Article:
“While it is true that I have found that their petition lacks legal merit, the proceedings are at an early stage, and the process followed by the city in leasing the property was somewhat shrouded in secrecy until a point after which the petition was filed,” Hinkson ruled.

He noted that the city initially refused to provide lease and option details via Freedom of Information until after an inquiry was scheduled by the Office of the Information and Privacy Commissioner. The city finally revealed in January of this year that the deal included a seven-month rent holiday, $17 per square foot lease rate and $700,000 tenant improvement allowance.

“Additionally, the petitioners have learned that HootSuite also entered into a contract with the city, that was not put out to tender and bid, whereby it is paid on a monthly basis for services involving social media management and tracking,” Hinkson wrote. “The city has refused to disclose the value of this contract.”

In February, city hall revealed via FOI that HootSuite paid $692,145.80 for rent, parking and property taxes in 2013, slightly less than the $698,922 paid by city hall to HootSuite under the tenant improvement allowance clause. City hall also spent $42,438.92 of taxpayers’ money to use HootSuite software in 2013, including $1,667.34 for the mayor and his staff.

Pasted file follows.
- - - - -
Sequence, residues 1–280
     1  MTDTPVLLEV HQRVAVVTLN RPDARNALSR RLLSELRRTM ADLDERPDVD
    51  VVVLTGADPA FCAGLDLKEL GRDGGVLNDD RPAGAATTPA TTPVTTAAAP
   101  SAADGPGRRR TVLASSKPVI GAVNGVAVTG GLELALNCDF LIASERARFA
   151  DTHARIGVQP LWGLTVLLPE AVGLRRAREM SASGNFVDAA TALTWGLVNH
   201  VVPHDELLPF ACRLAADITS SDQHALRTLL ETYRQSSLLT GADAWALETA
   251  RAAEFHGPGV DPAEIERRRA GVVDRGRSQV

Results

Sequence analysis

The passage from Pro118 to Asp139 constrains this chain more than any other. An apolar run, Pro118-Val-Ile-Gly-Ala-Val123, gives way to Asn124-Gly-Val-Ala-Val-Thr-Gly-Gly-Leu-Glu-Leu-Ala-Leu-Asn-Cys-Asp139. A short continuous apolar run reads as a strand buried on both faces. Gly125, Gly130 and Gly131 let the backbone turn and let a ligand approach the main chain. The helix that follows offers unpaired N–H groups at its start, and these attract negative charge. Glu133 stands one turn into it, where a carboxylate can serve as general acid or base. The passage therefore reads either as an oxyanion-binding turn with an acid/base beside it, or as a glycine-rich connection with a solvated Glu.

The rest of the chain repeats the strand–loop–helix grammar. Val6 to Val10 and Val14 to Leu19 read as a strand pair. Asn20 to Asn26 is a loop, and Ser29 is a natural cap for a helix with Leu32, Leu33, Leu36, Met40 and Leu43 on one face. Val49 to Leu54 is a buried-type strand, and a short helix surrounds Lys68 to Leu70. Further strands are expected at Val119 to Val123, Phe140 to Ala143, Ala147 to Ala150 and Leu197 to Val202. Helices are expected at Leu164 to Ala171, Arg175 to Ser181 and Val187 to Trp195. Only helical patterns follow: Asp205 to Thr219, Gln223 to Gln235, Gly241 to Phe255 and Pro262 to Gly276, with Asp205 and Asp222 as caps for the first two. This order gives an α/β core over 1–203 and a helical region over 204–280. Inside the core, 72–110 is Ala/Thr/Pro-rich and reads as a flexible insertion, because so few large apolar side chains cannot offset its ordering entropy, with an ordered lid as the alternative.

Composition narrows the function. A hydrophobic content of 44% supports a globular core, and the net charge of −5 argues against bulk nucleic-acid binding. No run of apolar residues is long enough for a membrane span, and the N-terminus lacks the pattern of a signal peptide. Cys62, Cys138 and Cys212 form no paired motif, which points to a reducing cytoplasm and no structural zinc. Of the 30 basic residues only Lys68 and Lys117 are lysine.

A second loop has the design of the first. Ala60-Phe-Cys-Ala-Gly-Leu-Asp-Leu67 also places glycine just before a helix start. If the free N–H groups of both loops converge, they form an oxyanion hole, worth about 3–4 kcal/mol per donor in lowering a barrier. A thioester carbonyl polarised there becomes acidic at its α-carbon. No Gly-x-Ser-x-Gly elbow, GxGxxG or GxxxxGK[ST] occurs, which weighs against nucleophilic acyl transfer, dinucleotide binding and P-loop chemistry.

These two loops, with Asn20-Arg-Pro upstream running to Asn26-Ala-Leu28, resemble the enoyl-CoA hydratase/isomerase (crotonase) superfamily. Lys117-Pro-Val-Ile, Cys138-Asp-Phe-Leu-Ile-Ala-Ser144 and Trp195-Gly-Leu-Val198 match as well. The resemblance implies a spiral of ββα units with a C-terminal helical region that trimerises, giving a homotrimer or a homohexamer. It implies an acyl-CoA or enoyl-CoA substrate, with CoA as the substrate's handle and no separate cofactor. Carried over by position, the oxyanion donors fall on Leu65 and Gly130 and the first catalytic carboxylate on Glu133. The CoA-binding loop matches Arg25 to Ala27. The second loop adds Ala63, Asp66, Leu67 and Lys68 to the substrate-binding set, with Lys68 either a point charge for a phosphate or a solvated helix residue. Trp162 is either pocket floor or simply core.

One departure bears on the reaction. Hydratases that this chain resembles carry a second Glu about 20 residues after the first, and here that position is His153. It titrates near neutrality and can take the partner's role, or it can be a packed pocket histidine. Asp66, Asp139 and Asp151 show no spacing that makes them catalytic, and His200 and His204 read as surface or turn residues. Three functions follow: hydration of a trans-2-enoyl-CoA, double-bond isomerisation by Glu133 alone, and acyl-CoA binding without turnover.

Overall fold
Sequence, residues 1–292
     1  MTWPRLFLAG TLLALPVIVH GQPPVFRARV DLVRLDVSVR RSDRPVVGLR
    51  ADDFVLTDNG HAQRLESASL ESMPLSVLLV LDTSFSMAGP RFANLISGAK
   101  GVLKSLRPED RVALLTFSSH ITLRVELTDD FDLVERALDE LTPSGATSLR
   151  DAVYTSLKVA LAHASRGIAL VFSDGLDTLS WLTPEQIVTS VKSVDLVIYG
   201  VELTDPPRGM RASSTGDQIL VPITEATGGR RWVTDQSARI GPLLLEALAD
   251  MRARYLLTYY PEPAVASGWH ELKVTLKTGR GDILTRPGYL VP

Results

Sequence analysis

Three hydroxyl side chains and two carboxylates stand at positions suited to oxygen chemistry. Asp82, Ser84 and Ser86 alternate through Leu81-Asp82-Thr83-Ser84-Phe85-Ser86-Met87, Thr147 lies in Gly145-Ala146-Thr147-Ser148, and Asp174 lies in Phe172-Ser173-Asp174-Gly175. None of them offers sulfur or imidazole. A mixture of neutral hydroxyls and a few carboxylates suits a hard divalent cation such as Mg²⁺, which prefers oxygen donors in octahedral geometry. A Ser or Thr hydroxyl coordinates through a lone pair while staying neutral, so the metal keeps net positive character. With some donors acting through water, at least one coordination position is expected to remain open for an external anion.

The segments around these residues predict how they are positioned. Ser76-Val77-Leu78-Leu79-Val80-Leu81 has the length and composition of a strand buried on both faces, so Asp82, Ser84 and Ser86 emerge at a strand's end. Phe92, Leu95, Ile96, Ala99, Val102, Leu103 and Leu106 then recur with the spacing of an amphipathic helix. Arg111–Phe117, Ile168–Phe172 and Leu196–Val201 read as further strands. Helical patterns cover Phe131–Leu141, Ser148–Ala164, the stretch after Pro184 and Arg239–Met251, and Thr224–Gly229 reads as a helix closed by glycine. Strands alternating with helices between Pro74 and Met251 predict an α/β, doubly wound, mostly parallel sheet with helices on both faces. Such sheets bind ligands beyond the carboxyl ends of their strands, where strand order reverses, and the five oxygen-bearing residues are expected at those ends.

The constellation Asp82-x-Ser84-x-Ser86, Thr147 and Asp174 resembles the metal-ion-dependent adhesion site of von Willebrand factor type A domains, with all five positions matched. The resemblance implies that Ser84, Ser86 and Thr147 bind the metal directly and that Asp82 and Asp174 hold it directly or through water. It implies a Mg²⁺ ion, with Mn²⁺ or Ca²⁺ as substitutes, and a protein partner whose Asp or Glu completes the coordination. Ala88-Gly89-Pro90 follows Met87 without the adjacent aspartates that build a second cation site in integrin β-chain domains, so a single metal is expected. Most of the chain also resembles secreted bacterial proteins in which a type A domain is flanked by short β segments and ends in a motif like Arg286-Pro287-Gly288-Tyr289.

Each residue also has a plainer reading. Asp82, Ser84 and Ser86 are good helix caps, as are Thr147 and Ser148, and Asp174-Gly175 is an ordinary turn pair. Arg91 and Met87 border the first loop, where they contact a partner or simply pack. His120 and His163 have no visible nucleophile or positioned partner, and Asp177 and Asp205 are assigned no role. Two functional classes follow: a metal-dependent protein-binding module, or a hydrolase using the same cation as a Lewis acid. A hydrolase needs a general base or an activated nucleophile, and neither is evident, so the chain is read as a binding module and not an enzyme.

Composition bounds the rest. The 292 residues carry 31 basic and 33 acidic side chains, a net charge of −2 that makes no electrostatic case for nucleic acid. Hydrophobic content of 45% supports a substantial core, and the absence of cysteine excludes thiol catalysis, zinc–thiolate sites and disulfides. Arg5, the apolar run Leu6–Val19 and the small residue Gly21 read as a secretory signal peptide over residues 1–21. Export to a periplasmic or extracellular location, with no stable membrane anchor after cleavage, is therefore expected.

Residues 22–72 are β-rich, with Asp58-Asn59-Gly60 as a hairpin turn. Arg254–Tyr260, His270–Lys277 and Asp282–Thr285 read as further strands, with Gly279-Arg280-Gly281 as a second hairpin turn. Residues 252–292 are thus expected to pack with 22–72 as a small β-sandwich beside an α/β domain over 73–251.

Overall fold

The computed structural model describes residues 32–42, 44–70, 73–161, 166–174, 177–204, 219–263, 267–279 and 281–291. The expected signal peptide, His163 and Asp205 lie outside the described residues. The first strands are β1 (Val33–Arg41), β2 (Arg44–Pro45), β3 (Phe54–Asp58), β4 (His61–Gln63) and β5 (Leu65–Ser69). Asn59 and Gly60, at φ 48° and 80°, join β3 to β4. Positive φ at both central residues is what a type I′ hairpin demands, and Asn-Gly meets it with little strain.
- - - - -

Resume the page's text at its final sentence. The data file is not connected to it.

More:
bob@bobmackin.ca

Twitter.com/bobmackin

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The history of the nation is inextricably linked to the written word; Icelanders produced the Sagas and the Poetic Edda, captivating historical (and sometimes fantastical) records of the country’s early years, filled with heroes, villains and monsters, written down almost a millennium ago and inspiring countless writers, include J.R.R. Tolkien. (A new translation of the Edda will be published by Canadian poet Jeramy Dodds this fall.) Literature has always been part of Iceland’s national identity.